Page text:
‘The Coral Coast Nature Trip’ gave Singapore siblings Jing Yi and Jason some quality time experiencing some of the most unique places on the planet. Together, they took one giant leap off the sand dunes of Lancelin and stepped into the moonscape of the Pinnacles desert.
These days, my brother Jason and I rarely get a chance to spend time together.
We’d heard a lot about the coral coastline just north of Perth. Not many of our friends had ever made it beyond the city, so we were keen to venture further to see what we could discover.
Day 1 // The landscape driving north changes so quickly from cityscape to wheat fields, to small coastal towns and then something more like desert. We couldn’t believe that in just a couple of hours we’d seen so much variety.
Our first stop was at some sand dunes near Lancelin where the locals recommend doing sandboarding. We’d agreed to try anything once on this trip. So driving over a set of massive sand dunes in a truck with huge wheels was a good first test. It was like being on a giant rollercoaster. If everything we’d never tried was going to be this much fun, then we were in for a great trip.
A bit further north near Cervantes, we arrived at the remarkable Pinnacles – just as the sun was setting. The landscape was like a moonscape and protruding through the sand are hundreds of limestone peaks, some around 30,000 years old. You can drive through them on a tour, and at every turn you have to pinch yourself to remember that you are on Earth.
Day 2 // The coastline was filled with picturesque bays and beaches. As we headed up to Kalbarri the colours of the earth started to turn a little more orange with different rock formations.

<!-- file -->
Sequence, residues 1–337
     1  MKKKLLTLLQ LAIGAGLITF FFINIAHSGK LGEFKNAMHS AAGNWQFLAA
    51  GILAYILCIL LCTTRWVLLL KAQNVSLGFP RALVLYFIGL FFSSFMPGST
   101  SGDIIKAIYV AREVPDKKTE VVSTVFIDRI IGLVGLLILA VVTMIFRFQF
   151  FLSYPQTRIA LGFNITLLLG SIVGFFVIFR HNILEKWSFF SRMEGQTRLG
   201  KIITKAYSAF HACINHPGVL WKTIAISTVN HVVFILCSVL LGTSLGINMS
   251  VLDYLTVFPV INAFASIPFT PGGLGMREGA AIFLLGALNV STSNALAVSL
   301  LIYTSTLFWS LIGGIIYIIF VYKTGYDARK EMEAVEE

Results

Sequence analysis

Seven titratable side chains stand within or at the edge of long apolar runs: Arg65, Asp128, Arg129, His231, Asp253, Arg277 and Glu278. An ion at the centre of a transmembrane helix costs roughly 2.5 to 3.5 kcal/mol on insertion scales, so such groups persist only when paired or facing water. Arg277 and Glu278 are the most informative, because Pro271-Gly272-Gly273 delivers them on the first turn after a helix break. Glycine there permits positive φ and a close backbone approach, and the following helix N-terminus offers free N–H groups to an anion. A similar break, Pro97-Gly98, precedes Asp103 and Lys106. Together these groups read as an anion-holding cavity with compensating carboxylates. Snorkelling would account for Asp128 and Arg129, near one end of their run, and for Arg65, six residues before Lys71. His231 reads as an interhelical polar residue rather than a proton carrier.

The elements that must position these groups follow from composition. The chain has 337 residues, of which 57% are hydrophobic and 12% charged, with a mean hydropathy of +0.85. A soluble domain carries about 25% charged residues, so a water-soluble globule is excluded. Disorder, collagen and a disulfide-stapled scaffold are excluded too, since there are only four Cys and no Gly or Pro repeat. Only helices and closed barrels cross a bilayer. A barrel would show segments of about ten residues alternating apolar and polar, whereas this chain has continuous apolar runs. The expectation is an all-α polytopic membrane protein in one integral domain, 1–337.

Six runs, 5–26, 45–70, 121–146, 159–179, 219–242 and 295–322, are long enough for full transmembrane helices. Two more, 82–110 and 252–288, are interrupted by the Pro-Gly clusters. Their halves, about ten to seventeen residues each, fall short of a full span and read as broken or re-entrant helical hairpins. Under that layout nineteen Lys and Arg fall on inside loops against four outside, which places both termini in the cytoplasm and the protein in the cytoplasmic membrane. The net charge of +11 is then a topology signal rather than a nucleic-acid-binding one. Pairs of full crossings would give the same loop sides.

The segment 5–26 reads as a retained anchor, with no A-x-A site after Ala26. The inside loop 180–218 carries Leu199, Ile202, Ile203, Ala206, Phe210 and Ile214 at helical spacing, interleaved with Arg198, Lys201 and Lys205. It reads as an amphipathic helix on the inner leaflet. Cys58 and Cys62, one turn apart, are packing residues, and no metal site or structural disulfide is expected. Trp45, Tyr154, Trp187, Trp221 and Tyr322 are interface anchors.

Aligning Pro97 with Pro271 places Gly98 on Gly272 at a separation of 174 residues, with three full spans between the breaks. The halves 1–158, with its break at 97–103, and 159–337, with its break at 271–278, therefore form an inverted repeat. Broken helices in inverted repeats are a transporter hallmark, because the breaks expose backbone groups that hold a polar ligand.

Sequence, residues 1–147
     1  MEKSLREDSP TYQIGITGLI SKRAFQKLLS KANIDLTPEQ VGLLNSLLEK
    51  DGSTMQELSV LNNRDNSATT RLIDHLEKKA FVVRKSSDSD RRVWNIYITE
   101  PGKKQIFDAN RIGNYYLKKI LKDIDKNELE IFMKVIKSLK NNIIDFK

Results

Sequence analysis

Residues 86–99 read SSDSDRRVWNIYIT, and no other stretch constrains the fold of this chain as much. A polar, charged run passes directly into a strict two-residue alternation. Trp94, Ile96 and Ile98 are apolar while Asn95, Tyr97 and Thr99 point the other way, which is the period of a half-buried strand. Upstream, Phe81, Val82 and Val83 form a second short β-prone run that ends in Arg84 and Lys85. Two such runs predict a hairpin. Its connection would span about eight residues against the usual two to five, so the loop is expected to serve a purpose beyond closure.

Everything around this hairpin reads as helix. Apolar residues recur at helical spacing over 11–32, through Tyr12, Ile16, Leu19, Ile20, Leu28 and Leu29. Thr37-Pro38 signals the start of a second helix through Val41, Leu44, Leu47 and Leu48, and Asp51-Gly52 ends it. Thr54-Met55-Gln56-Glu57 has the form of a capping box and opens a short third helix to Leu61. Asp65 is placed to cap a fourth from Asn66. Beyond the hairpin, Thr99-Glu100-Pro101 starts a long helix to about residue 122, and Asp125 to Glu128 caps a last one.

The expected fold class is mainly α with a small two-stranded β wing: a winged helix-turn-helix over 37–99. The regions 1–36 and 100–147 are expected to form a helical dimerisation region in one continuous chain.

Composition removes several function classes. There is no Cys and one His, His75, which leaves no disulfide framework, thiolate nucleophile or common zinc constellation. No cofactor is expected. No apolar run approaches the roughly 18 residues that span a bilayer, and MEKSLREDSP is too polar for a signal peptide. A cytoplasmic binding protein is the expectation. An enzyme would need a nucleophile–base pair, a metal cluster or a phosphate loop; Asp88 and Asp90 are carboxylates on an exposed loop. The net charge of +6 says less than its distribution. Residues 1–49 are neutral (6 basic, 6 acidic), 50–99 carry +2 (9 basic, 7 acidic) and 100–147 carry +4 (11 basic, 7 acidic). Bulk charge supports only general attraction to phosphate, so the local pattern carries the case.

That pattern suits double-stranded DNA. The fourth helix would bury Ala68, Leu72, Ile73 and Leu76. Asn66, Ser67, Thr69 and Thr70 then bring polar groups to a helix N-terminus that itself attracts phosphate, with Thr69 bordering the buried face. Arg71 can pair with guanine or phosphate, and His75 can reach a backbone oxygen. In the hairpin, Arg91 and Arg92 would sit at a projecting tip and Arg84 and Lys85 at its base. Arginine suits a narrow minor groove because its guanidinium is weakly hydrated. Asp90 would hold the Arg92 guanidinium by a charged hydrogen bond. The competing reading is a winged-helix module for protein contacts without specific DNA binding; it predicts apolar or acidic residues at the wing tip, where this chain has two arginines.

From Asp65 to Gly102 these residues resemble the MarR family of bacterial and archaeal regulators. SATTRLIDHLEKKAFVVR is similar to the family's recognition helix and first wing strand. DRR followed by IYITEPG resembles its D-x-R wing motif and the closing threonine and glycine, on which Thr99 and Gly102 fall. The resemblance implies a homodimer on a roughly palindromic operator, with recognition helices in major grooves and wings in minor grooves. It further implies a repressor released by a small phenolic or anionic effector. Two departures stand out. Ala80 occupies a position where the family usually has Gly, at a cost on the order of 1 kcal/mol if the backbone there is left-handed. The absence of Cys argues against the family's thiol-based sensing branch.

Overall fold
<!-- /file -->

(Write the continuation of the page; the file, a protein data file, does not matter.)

Around Kalbarri there are some beautiful ocean views and a short trip takes you to the local gorges, giving you a taste of another world.
Day 3 // From Kalbarri we headed to Shark Bay, one of two World Heritage-Listed sites in Western Australia. The coastline glitters as you approach the sea. The colours are so bright; we’d never seen blues quite like this. When we heard we might be seeing some stromatolites, we really had no idea what we were in for.
Our guide soon revealed just how incredible they are. Hamelin Pool is one of just two places in the world where you can see the oldest living things on the planet. Stromatolites were responsible for bringing oxygen into the world. Just imagining how old they are takes your breath away. We joked that they’ve chosen quite some spot to live for so long.
Head further north and you reach Shell Beach. At first we thought that’s a pretty name, but on arriving, we realised that the beach is indeed made of shells. There are just two beaches like this on Earth made up entirely of one kind of shell. They were glowing white as the sun set on them, making for a picture-perfect postcard.
Day 4/5 // Our unique experiences in Shark Bay weren’t over, yet. At Monkey Mia, there is the chance to feed wild dolphins as they come to say hello near the shore. This isn’t something you get to do every day! Yet, here, it is a wonderful spectacle that has become a daily routine for them.
A small crowd gathers to meet the dolphins, and the atmosphere electrifies as the beautiful animals swim up to greet everyone.
Later that day, we sampled a feast of mullet cooked over a fire. Sitting out under the stars, smelling our fresh dinner cooking by the ocean, we felt a lifetime away from our friends in Singapore.
Getting to experience something so remarkable had felt so easy and effortless. It is just here waiting, and all we had done is pointed ourselves in the right direction.
We had stories to tell and adventures to relive. Even though we’d only been away a week, we had felt the stresses and strains of life just disappear.
We wondered why we’d never done it before. Now we’re already wondering when we can do it again.